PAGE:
Senate Bill 30 would require the Department of Health and Human Resources and Medicaid to provide dental coverage to certain mothers of newborns. The bill requires Medicaid for basic and emergency dental care of a mother of child who is receiving Medicaid. It would be effective after July 1, 2015 and it defines what the coverage includes. This bill would only be effective for two years following the birth of the child.
Senate Bill 188 creates vendor transportation program to transport Medicaid patients. This bill permits the Secretary of the Department of Health and Human Resources to develop a transportation program for non-emergency transport of Medicaid recipient. An Amendment was made to exempt out Public Transit and EMS.
We are working diligently to pass as many bills as we can. One bill passed through the Senate this week with a unanimous vote. Senate Bill 372 creates a criminal offense for anyone who interferes with an emergency service call. It also establishes criminal penalties for the offenders. This bill has already been introduced to the House of Delegates and currently stands in the House Judiciary Committee.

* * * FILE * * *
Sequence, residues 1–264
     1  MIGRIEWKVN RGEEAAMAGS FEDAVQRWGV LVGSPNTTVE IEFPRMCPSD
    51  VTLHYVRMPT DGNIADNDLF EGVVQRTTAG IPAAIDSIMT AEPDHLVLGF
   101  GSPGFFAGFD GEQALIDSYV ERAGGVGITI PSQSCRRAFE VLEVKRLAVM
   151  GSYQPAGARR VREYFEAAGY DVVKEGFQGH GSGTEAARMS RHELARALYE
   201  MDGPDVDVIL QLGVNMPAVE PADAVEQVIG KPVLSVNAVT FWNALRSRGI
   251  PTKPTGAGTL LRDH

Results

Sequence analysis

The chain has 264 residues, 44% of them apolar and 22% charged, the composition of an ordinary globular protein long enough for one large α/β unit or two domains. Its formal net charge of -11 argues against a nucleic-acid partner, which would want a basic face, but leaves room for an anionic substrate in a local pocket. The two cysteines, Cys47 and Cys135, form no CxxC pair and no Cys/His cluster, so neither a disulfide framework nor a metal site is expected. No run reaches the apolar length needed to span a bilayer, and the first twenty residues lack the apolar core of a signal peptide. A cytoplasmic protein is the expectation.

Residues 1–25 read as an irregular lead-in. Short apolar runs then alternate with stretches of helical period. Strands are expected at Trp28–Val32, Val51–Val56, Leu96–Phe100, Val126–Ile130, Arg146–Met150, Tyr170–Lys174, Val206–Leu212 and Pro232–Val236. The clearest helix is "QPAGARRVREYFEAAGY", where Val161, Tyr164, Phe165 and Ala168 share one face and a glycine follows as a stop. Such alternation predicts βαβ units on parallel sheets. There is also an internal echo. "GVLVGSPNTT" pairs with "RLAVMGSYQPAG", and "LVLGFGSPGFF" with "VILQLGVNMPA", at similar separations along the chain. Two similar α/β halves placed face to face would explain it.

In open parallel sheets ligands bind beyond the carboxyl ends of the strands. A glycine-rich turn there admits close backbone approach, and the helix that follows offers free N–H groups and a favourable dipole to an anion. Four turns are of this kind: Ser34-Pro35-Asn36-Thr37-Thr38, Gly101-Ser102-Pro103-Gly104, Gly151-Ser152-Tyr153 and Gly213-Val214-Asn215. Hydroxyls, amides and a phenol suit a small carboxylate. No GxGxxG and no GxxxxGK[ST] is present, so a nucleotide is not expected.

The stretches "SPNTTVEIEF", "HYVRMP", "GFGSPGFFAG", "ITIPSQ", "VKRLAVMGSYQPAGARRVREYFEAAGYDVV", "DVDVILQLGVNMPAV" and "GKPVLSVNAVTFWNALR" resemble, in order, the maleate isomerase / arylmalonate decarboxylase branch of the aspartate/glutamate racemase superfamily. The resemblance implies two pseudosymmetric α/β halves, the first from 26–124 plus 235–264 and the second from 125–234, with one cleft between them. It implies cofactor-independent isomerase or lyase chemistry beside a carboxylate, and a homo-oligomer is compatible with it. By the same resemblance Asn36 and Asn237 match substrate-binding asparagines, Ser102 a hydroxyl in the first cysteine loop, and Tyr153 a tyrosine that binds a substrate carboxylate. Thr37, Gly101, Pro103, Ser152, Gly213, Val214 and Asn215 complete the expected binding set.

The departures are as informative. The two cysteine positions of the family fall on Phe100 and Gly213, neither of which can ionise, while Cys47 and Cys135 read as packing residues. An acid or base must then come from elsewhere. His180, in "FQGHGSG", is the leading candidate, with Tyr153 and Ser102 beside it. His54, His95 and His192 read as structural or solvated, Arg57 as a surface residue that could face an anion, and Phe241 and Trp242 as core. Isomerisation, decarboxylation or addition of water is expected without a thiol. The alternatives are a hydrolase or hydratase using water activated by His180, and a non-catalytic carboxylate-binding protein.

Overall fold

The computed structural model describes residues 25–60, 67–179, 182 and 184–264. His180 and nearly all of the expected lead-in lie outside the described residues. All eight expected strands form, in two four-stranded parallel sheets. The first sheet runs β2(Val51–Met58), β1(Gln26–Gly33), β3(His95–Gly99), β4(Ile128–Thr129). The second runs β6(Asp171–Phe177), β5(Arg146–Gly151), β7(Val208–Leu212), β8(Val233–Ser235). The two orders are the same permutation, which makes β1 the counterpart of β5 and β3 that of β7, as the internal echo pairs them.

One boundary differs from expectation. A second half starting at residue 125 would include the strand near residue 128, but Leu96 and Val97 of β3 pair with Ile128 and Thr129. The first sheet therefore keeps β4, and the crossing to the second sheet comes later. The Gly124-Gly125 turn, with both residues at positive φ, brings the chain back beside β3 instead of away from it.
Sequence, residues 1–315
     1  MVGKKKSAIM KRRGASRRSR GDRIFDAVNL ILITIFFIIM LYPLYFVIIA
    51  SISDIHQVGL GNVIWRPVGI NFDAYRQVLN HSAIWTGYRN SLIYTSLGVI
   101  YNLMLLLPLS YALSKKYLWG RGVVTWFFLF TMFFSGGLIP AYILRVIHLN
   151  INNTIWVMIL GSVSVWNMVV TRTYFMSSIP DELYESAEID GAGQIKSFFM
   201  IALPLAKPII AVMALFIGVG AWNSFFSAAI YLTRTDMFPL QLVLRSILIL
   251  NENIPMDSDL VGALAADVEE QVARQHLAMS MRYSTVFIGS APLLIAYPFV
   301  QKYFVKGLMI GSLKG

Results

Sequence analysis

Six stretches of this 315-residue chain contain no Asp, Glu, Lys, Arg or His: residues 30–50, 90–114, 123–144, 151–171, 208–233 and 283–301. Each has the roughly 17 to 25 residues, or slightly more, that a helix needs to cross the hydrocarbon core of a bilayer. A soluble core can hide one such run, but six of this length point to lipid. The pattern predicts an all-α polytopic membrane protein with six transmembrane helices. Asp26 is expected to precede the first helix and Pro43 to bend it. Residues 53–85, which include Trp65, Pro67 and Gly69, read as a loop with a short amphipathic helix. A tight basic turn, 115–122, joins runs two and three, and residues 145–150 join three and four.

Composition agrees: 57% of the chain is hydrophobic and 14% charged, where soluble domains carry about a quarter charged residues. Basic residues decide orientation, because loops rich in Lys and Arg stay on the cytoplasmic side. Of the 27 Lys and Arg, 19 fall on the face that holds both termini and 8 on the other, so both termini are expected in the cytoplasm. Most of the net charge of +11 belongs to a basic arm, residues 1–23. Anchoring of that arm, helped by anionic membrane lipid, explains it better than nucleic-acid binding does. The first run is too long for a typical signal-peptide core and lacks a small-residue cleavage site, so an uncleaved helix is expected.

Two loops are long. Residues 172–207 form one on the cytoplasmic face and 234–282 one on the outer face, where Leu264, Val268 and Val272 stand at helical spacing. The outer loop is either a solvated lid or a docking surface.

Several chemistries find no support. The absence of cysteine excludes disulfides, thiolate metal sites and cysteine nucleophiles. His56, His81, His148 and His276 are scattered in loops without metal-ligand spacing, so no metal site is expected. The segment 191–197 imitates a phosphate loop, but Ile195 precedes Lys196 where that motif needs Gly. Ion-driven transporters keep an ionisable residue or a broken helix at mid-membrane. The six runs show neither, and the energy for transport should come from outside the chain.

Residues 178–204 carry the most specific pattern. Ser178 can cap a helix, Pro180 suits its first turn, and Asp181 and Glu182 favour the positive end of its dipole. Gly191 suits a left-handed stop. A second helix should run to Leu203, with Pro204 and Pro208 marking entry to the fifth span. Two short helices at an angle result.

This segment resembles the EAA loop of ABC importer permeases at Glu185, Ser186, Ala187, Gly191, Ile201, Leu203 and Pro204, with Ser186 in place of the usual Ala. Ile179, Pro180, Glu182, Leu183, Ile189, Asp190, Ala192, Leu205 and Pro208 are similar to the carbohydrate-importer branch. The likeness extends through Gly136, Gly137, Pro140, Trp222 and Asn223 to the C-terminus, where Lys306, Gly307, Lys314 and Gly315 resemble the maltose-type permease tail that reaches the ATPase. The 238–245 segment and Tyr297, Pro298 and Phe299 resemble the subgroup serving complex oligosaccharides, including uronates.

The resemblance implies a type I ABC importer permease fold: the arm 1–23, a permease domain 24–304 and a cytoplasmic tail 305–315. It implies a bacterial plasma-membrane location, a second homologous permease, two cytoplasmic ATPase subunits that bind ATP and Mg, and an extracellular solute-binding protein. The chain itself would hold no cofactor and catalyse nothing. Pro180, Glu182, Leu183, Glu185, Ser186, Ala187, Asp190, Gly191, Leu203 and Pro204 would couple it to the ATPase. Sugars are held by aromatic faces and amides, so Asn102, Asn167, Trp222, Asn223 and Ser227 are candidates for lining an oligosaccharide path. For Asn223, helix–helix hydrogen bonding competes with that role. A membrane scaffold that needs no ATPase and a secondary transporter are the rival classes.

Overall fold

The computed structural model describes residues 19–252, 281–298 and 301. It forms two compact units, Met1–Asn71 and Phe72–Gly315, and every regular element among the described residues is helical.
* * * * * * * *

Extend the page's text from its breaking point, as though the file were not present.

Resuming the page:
SB 359, the education reform bill passed out of Senate Education. I know there are more important changes to come before the final vote in the Senate. If the bill had died in the Senate Education Committee there would be no opportunity for the process to continue. By the time you read this, I believe we will have passed an agreed to bill by all parties, that will improve student achievement.
As this legislative session continues into the second half, I will strive to represent the citizens of my district to the best of my ability. If you may have any questions or comments about a piece of legislation, please feel free to Contact me.
All legislators can be viewed in the state website, www.legis.state.wv.us. If you wish to contact me, my address is: Senator Ron Stollings, 439M, 1900 Kanawha Boulevard, East, Charleston, WV 25305. My office number is 304-357-7939.